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“Twin Sons of Different Mothers: Latency and Bandwidth…and How They Impact Your Data Center Strategy” – Guest Post by Jose Ruiz, Compass Datacenters

Jul 10, 2018
by Josh Anderson

Chances are your network is not ready to support that new public cloud initiative that your company is planning, both in terms of speed and volume of data. And chances are that your network is also not ready to handle the inrush of packets that will come from accelerating Internet of Things (IoT) deployments, both in terms of performance and volume. In other words, you likely have a latency and bandwidth problem. And if they haven’t already, it will be apparent to your users who are going to tell you about it and ask you what you’re going to do about it.

Although they often seem to be used interchangeably, it is vital to understand the difference between latency and bandwidth. Bandwidth is the average rate of data transfer through a communications path. For example, a one (1) Gigabit connection means that 1 Gigabit is the rate of the information that can pass through the connection at any one time. Latency is the delay of the incoming data. Typically, a function of distance, latency is the measurement of the time it takes data to travel between two points. 

With the proliferation of public cloud (AWS, Azure, etc.), Software-as-a-Service (such as Office365), larger, rich packet types of applications (video for example) and the anticipated data volumes that will characterize the IoT, network needs and location has vaulted to the top of the list for determining where an upcoming data center needs to be located. This heightened emphasis on location reflects the desire to place information as close to the end user as possible. Closer proximity eliminates the negative impact of latency on applications that must process data in real time for it to be usable, as in the case of IoT, to ensure the highest level of customer satisfaction on more consumer-oriented applications.

IDC estimates that 50% of existing networks will be bandwidth-constrained as a result of the rapid increase in data volume for IoT. Not only will this thirst for bandwidth come from the information generated by IoT devices themselves, but from its capacity-consuming components as well. The data flowing from private clouds will require large amounts of bandwidth. Further, enhanced technologies such as Docker that can support up to four (4) to six (6) times more server applications than a hypervisor running on an equivalent system will correspondingly require more capacity than most operators currently have available to support them.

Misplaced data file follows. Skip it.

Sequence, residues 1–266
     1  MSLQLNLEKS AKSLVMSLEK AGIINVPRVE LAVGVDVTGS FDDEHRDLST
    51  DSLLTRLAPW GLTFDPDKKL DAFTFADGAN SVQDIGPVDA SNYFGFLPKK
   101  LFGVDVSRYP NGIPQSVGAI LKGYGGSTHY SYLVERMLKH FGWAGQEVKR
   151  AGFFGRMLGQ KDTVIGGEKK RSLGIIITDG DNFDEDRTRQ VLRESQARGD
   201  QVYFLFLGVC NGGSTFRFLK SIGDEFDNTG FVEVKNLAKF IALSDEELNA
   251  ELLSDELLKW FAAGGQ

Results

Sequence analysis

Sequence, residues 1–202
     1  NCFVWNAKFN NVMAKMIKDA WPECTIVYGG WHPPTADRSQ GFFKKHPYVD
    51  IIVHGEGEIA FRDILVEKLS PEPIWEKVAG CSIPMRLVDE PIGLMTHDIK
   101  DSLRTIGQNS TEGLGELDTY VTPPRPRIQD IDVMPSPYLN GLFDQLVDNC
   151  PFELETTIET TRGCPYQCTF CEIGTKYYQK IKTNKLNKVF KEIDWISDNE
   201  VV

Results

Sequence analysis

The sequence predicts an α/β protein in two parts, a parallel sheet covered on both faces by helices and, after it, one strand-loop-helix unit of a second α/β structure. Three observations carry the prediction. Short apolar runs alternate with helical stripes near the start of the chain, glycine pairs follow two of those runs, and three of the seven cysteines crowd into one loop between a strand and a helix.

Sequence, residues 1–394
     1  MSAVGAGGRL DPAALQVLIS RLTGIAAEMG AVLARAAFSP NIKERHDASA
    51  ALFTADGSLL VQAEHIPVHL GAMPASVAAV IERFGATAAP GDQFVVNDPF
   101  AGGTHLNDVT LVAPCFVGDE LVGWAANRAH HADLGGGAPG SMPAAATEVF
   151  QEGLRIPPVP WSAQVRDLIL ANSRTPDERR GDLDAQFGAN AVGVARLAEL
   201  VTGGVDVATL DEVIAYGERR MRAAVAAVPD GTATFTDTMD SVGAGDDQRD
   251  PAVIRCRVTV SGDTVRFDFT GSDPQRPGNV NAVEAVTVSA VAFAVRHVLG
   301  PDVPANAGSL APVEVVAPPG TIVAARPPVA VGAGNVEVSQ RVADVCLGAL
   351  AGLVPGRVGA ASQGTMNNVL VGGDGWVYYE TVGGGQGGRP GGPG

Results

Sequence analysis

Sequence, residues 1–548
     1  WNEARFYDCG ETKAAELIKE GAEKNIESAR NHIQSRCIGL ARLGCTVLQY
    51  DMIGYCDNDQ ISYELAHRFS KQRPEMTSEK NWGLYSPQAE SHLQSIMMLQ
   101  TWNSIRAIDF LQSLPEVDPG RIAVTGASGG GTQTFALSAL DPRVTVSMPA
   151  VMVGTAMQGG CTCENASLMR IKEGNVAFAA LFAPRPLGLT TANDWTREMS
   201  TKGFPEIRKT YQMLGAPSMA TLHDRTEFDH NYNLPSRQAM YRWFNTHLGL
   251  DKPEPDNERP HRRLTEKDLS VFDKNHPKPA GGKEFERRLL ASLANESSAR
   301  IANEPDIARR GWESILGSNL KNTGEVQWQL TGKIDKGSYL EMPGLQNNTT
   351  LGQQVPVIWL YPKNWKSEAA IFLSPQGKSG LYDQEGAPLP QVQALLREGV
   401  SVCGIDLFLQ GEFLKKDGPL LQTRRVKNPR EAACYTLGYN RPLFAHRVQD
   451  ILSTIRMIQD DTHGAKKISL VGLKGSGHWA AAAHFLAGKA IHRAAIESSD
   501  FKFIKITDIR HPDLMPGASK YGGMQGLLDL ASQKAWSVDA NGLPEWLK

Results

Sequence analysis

At present, many data center operators utilize networks that are “telco-centric.” These structures rely on the public Internet as their conduit to the cloud reflecting the traditional thought process of “the bigger the pipe, the better.” Before the emergence of the cloud, this mode of operation was, for the most part, sufficient to support the traffic any one data center was sending/receiving via the Internet.

Jose Ruiz, Vice-President for Operations, Compass Datacenters

The problem with the historical telco approach is the need to share. Even a 1 or 10G line circuit ultimately hits a switch or router with an “oversubscribed” backplane. In the world of the cloud, combined with the changing nature of data and end user expectations and requirements, even the biggest pipe typically cannot support the sheer volume of organizations that are all using public cloud SaaS at the same time. Thus, organizations relying on this traditional data center network model are incurring unjustifiable costs concerning the ROI derived from their performance.